We struggle with the terminology here at KindredHQ. You’ll notice that we use the words freelancer, independent, self-employed, being your own boss interchangeably. That’s because we think that however you describe yourself, there’s a common attitude and feeling about the way we work that binds us together, and we don’t much go for labels. (Except that Google does and so we have to throw a few in).
However it is true to say that for some of you, the whole notion of labelling yourself as a business, even if you are pulling in significant revenues as a freelancer, is – well – not you. So, we wondered whether that was limiting to success; whether we are self-sabotaging our chances to do really well?
And as for the term ‘entrepreneur’. Well that seems to send a shudder down spines. Perhaps that’s because the term has been completely hijacked and devalued. Look up ‘entrepreneur in the dictionary and it says: ‘the owner or manager of a business enterprise who, by risk and initiative, attempts to make profits’
However, for many of us that doesn’t go anywhere to explaining what we do and how we do it, and it makes a direct link to profits. And here’s the rub. Many freelancers, whilst they would wish to be successful, are not ‘in it for the money’. We like to think of ourselves as passion rather than profit led, or that we have a higher purpose of some kind.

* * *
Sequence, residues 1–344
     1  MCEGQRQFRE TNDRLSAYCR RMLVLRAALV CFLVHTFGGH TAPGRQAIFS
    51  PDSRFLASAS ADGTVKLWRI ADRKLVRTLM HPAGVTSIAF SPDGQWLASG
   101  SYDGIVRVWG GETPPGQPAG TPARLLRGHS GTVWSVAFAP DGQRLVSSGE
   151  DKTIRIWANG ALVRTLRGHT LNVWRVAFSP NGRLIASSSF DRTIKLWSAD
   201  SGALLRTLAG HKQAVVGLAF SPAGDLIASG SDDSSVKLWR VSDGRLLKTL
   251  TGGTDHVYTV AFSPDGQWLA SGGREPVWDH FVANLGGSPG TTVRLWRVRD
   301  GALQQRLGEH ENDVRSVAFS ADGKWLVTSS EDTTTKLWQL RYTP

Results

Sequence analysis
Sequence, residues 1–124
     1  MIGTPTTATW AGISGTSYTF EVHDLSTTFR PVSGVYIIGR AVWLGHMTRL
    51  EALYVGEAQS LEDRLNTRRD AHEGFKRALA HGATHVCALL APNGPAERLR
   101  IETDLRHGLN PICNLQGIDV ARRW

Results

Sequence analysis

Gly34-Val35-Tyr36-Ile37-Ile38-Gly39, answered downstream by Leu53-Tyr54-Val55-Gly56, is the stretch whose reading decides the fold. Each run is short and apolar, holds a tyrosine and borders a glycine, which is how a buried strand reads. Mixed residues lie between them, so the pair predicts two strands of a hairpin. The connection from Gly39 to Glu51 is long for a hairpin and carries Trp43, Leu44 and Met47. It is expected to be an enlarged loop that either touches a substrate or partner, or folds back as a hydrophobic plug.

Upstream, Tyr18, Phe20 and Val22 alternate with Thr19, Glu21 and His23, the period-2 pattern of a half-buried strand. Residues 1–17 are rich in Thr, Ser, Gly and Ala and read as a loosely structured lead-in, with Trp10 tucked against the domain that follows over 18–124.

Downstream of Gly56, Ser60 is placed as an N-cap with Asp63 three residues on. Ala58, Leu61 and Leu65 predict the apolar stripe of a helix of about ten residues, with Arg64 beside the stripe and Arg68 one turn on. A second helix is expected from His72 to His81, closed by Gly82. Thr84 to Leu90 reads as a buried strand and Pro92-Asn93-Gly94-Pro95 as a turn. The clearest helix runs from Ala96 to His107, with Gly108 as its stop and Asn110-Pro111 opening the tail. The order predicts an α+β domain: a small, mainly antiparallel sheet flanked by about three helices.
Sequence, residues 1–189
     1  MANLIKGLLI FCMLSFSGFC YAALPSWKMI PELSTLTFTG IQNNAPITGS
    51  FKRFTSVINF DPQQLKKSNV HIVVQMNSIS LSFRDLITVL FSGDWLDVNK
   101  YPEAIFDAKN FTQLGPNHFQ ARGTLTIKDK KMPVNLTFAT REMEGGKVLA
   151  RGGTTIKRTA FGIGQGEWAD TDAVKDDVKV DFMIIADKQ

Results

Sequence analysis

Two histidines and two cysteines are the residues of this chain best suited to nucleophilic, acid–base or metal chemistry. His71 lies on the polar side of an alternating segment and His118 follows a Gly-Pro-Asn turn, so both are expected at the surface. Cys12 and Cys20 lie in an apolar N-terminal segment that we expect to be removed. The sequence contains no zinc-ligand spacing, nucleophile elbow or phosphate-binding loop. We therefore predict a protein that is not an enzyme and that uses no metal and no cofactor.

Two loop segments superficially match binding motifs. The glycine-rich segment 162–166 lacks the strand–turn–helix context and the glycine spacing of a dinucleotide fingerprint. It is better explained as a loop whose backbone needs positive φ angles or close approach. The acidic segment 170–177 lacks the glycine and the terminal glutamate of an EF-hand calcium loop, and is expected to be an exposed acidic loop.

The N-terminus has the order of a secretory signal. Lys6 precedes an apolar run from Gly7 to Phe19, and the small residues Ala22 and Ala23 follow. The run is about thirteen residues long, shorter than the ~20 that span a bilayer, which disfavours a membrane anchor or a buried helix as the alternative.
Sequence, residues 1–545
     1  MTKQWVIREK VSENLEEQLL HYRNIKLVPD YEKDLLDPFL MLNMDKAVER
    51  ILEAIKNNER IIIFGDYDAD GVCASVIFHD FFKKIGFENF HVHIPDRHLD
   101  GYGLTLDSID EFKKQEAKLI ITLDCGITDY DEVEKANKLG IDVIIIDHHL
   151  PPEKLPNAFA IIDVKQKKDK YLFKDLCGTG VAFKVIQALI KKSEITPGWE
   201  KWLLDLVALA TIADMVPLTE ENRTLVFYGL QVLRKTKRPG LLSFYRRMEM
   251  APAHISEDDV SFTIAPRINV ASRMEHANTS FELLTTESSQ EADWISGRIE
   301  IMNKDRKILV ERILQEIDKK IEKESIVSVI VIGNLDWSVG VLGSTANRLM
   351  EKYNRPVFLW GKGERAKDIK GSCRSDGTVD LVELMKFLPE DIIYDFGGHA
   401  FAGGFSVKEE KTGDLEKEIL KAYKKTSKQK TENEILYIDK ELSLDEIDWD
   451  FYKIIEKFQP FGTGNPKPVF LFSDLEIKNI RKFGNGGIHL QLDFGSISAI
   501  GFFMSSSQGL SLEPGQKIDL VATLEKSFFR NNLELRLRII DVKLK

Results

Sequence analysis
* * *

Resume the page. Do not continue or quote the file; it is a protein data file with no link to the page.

Now think about that for a second. Why sabotage your right to make a profit out of doing a job well? Because, if you take that logic to its natural conclusion, you are essentially undervaluing your worth from the start.
Yes, OK. If you create art for a living, you will, of course want to be valued for your creativity, but if people are also prepared to pay for your work allowing you to make a profit, that can also be a great endorsement of your worth.
If you ask your clients what they believe they pay for, you may well be surprised. Often, we tend to think that they are paying for a product e.g. a design for a website, or a workshop delivered, or a social media strategy. But when they start to elaborate, clients will often say that you add value in different ways, perhaps through offering a connection, or additional ideas for their business, or an objective view that helps them unlock innovation.
If that’s something that you do frequently, perhaps it’s an idea to rethink your client offer and extend your freelance business to something new.
Does that make you an entrepreneur? Who cares?!
Well Seth Godin does. He thinks that the distinction is critical, because the emotional cost is high if you are one type but act like the other. Basically, a freelancer trades hours for money, and expends a lot of emotional energy in the process. The entrepreneur organizes resources to build something bigger than themselves. Both are equally valuable, but quite different.
So, a little food for thought. Perhaps it doesn’t matter what we call ourselves, but we should be careful in doing so that we don’t limit our ambitions.